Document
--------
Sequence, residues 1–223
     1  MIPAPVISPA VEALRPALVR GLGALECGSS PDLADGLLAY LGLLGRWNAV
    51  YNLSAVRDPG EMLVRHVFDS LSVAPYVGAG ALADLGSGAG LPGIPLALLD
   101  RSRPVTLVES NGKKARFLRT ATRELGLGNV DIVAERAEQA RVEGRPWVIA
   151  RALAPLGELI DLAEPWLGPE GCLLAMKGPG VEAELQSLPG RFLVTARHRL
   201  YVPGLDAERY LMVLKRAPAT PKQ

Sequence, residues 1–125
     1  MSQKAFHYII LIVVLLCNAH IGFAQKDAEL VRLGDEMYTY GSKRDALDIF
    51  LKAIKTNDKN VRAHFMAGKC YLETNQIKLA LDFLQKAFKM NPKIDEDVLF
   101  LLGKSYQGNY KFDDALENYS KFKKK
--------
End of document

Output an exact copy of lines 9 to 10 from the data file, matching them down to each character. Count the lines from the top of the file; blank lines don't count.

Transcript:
    51  LKAIKTNDKN VRAHFMAGKC YLETNQIKLA LDFLQKAFKM NPKIDEDVLF
   101  LLGKSYQGNY KFDDALENYS KFKKK